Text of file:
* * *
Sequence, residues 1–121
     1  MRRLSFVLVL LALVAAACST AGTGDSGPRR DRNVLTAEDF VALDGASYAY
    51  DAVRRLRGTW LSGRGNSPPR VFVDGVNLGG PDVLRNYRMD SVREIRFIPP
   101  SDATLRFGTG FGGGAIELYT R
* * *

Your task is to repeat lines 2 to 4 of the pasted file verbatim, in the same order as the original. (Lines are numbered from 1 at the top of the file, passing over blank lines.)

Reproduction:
     1  MRRLSFVLVL LALVAAACST AGTGDSGPRR DRNVLTAEDF VALDGASYAY
    51  DAVRRLRGTW LSGRGNSPPR VFVDGVNLGG PDVLRNYRMD SVREIRFIPP
   101  SDATLRFGTG FGGGAIELYT R